Academic research into freemasonry and fraternalism

Some of you might be interested in a new project that has just started at Manchester University by Dr Andy Balmer (Manchester); Dr Michael Durrant (Bangor) and Dr Laura Houseman (Manchester) based on the masonic books in the special collections at the John Rylands Library.

The project has a wordpress site (

Why not take a look!

The only Freemason in Hitler’s Government

In a joint meeting between The Lodge of Silent Temple and MAMR held at Manchester on a very wet November evening, the members were joined by VWBro Helge Horrisland from the Grand Lodge of Norway.

Helge had flown in from a conference already under way on the continent, to deliver his fascinating paper ‘Hjalmar Schacht – The Only Freemason in Hitler’s Government.

Peter Robinson, left with Helge Horrisland

Peter Robinson, left with Helge Horrisland

The proceedings began with the lodge of Silent Temple No 126 being opened in due form by master and MAMR President, WBro Peter Robinson. The first business was a poignant eulogy for Brian Clark who had been a member of MAMR for many years, delivered by WBro Ivan Eastwood.

The lodge business was conducted and concluded ready for the next part of the proceedings and Helge was introduced and commenced his paper which was illustrated with photographs and quotes.

Hjalmar Schacht was one of the most unusual, masonic characters from   the 20th century: it has been well documented that Hitler’s Nazi party had done its best to remove freemasonry from Germany, which involved the imprisonment and persecution of many Freemasons during world war two.  Yet Helge told us that Hjalmar had worked very closely with Adolf Hitler in rebuilding Germany’s economy following the first world war to ‘re arm’ and be ready to fight for a second time. He had emerged from good masonic stock and did not keep his membership a secret. Hitler appreciated his financial wizardry and appeared to tolerate his masonic beliefs at a time when he was actively rounding up masons and destroying their lodge rooms.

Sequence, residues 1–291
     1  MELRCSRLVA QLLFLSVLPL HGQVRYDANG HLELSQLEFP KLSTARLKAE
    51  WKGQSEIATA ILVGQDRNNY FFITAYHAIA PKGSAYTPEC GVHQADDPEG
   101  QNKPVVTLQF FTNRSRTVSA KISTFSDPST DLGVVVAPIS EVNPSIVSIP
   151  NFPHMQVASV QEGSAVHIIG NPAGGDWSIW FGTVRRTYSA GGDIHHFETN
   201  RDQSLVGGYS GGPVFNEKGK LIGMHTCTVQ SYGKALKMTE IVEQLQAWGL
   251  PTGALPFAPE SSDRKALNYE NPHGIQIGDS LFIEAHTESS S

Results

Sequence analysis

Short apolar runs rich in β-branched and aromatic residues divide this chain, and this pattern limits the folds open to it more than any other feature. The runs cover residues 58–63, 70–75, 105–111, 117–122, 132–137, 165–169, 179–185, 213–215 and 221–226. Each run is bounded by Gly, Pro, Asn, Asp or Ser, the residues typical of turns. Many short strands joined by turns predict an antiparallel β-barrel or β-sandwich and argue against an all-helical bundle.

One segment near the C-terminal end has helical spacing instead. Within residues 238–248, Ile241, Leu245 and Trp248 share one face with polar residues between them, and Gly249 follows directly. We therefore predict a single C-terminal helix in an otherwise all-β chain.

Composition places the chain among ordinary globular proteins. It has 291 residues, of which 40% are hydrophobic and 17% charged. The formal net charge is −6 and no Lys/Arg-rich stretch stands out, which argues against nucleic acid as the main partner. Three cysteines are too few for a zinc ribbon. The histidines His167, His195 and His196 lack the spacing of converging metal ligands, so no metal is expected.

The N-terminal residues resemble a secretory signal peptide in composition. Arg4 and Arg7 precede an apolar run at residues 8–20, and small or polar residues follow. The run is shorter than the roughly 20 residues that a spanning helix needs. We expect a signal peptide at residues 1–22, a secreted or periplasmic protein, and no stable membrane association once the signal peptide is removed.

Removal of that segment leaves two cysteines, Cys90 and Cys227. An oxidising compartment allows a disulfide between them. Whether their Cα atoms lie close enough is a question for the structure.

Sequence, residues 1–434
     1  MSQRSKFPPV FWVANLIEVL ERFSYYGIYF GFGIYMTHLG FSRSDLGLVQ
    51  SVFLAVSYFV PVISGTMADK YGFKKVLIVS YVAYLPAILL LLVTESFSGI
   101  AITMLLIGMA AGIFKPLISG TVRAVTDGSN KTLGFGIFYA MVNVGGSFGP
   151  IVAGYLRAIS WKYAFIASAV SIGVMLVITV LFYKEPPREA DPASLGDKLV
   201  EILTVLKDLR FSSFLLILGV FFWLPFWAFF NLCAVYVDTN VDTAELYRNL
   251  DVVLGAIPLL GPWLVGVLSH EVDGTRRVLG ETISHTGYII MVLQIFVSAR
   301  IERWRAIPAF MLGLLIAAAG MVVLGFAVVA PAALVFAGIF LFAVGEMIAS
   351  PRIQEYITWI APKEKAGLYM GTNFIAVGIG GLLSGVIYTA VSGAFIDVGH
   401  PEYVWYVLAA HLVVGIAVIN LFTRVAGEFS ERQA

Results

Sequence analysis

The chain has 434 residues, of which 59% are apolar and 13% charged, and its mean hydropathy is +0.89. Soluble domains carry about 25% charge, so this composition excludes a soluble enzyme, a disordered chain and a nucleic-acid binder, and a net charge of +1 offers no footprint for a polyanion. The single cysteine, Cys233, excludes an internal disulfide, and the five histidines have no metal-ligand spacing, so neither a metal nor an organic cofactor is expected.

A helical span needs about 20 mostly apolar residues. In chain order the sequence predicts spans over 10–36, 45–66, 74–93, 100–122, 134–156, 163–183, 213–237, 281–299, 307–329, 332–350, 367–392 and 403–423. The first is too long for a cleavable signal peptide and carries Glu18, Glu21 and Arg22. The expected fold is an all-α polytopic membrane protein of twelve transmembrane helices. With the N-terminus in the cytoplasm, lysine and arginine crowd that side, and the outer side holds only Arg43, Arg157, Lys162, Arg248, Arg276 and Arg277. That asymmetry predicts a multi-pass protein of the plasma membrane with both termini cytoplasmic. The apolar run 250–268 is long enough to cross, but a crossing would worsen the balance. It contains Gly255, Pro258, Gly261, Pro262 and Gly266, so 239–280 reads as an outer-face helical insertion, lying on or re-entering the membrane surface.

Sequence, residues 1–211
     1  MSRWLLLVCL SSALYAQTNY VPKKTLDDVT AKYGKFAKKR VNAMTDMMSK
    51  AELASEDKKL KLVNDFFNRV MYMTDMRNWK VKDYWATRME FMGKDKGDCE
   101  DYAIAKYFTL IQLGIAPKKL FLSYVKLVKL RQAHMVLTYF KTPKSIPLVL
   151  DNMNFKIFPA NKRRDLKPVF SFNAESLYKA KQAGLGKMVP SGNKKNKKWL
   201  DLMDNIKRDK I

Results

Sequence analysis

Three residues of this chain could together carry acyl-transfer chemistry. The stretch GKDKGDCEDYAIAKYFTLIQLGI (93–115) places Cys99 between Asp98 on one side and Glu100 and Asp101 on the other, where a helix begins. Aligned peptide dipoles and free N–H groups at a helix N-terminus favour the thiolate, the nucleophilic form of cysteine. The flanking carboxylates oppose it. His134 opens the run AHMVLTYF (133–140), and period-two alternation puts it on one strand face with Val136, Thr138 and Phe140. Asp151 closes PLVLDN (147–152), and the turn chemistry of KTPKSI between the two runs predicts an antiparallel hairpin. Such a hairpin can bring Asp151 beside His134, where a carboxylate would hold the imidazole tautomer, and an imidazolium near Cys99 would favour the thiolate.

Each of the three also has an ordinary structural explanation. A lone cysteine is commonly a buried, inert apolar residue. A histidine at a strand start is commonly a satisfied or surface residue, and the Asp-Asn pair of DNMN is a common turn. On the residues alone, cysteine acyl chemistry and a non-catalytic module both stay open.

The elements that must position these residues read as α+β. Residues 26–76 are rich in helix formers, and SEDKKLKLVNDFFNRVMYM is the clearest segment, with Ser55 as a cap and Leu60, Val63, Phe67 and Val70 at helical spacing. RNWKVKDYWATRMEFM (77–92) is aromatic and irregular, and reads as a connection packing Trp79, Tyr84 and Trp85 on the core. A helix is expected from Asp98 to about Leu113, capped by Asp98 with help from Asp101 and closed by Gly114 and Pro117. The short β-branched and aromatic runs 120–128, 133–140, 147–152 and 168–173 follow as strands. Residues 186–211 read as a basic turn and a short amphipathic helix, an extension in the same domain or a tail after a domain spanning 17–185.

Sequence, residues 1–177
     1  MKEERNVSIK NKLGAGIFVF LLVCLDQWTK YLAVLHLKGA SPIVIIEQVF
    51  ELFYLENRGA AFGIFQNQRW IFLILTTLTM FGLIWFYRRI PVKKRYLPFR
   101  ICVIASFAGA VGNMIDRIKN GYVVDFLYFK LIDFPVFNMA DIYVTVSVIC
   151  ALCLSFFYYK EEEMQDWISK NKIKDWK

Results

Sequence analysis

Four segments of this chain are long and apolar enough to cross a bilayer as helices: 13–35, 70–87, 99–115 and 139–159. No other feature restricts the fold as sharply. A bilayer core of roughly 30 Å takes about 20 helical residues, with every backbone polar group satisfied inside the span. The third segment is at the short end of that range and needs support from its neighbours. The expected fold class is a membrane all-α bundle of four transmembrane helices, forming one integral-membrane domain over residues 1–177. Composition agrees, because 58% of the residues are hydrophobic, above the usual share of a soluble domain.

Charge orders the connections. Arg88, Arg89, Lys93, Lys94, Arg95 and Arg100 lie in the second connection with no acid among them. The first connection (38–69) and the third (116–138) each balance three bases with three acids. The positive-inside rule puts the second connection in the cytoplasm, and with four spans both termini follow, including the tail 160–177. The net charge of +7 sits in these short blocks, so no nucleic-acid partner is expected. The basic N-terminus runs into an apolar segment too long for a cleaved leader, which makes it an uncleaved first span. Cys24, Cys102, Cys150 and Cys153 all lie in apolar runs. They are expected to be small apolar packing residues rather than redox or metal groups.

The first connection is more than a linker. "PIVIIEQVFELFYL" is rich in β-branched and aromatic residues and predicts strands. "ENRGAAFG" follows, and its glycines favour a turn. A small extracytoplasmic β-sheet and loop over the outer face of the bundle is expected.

Eventually the relationship soured and following a bit of a show down Hitler had Hjalmar arrested and like many other of his brethren condemned, to imprisonment in a concentration camp. Despite all this we learned that he lived to the age of 93 only to die in an accident.

The paper was both fascinating and very interesting and MAMR were fortunate enough to host the first airing of the paper by Helge in the UK. The full transaction along with all the wonderful illustrations will appear in next year’s copy of the transactions.

At the festive board, the brethren enjoyed a tasty meal served in the wonderful surroundings of the study room at Manchester Hall.

MAMR’s John Belton gave a short talk based on an account of an American soldier who found himself in world war one England and was a stark contrast to the paper heard earlier in the evening.

Lodge master Peter Robinson brought this memorable meeting to a close with the Tyler’s toast and wished everyone an enjoyable Christmas.

Members of Silent Temple and MAMR listening to Helge Horrisland

Members of Silent Temple and MAMR listening to Helge Horrisland